Jane Eyre returns to National Theatre

Reporter: Robin Johnson, first published Thu 10 Aug 2017 15:23
The ensemble of Jane Eyre on tour (Photo: Brinkhoff/Moegenburg)The ensemble of Jane Eyre on tour (Photo: Brinkhoff/Moegenburg)/servlet/file/store5/item401150/version1/fileservice770/401150_770_preview.jpg

Sally Cookson’s adaptation of Charlotte Brontë’s masterpiece Jane Eyre will return to the National's Lyttelton Theatre from 26 September – 21 October 2017, following a major UK tour.

2017 marks the 170th anniversary of the first publication of Jane Eyre and Charlotte Brontë’s story of the trailblazing Jane is as inspiring as ever.

This bold and dynamic production tells the story of one woman’s fight for freedom and fulfilment. From her beginnings as a destitute orphan, Jane Eyre’s spirited heroine faces life’s obstacles head-on, surviving poverty, injustice and the discovery of bitter betrayal before taking the ultimate decision to follow her heart.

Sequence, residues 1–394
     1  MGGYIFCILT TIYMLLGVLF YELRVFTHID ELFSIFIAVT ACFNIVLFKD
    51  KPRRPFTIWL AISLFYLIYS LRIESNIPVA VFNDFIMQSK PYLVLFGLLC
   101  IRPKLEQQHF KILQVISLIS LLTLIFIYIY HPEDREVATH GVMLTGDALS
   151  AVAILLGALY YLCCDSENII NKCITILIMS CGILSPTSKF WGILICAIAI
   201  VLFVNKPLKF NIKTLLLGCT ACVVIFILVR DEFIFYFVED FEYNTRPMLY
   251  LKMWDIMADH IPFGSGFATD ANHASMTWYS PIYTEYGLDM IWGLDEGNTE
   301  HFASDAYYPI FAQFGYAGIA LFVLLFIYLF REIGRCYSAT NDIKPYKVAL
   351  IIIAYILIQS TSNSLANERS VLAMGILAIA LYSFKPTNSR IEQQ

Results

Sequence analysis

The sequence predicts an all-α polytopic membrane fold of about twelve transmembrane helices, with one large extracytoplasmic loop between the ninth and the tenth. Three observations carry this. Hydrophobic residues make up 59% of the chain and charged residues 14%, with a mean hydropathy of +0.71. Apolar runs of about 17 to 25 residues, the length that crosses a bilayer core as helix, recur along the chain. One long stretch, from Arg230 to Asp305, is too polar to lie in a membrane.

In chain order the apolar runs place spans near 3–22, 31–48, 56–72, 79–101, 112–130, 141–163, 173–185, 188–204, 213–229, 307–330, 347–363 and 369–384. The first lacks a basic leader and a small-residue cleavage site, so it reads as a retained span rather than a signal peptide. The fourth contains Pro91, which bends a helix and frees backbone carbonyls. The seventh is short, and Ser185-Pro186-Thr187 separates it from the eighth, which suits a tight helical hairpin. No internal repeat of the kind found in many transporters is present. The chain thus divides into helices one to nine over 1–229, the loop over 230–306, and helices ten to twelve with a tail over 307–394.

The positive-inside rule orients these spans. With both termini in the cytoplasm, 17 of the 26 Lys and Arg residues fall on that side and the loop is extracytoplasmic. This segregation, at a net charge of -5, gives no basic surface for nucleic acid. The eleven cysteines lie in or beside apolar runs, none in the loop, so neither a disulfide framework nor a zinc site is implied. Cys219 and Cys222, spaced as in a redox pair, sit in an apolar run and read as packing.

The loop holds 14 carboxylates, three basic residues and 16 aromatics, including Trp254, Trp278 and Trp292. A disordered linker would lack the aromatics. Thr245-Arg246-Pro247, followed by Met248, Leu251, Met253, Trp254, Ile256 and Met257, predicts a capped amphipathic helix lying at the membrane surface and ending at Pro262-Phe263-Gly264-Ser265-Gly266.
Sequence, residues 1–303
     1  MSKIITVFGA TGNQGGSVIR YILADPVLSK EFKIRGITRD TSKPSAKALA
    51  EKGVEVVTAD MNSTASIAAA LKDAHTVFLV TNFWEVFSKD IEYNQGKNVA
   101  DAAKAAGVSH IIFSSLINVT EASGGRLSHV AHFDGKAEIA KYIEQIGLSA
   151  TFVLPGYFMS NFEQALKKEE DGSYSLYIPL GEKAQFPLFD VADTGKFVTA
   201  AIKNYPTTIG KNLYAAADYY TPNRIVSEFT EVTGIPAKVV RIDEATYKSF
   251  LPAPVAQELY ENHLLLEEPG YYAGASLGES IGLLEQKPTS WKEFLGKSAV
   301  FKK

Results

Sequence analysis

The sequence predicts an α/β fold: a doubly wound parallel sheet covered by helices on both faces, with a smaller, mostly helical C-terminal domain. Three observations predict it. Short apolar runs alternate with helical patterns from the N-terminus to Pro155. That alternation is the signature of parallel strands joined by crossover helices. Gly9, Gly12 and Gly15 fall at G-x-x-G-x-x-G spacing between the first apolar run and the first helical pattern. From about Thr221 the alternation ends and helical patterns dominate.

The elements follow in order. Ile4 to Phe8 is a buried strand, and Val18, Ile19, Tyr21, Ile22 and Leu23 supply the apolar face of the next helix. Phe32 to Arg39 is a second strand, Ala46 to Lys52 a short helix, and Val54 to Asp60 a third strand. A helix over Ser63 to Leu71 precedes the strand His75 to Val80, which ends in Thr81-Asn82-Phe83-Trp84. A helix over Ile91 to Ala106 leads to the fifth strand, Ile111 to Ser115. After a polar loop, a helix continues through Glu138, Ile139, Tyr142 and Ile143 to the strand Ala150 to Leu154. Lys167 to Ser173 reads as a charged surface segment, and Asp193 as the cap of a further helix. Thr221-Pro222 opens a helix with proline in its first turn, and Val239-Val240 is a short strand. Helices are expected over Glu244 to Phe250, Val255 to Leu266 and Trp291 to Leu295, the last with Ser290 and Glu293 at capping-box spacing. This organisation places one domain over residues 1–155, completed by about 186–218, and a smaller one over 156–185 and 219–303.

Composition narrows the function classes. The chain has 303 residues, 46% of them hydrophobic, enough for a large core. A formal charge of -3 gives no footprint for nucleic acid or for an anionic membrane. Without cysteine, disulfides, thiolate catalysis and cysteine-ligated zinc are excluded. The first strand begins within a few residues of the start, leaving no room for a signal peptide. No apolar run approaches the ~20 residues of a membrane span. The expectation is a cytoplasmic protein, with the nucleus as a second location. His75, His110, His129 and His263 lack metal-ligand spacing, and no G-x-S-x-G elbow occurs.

Nadia Clifford plays Jane Eyre with Tim Delap as Rochester. They are joined by Hannah Bristow (Helen Burns/Adele/Diana/Grace Poole/Abbot), Matthew Churcher (Musician), Alex Heane (Musician), Melanie Marshall (Bertha Mason), Paul Mundell (Mr Brocklehurst/Pilot/Mason), David Ridley (Musician), Evelyn Miller (Bessie/Blanche Ingram/St John) and Lynda Rooke (Mrs Reed/Mrs Fairfax). The cast is completed by Ben Cutler, Jenny Johns, Dami Olukoya, Francesca Tomlinson and Phoebe Vigor.

Director Sally Cookson said about her production, "Adapting a novel for the stage is a challenging prospect – especially when that novel is cited as many people’s favourite of all time."

"I chose this particular title because it’s a story that I love and have enjoyed a close relationship with ever since I was intrigued, as a child, by Orson Welles’ black and white melodrama with fabulous music by Bernard Herrmann... I was struck by how modern Jane seemed – her spirit and strong will, her peculiar and brilliant mind striving for personal freedom to be who she is, lashing out against any constraint that prevents her from being herself. She was exactly the sort of person I wanted to be."

Cookson is an Associate Artist of Bristol Old Vic.

You can book your tickets through the National Theatre's website.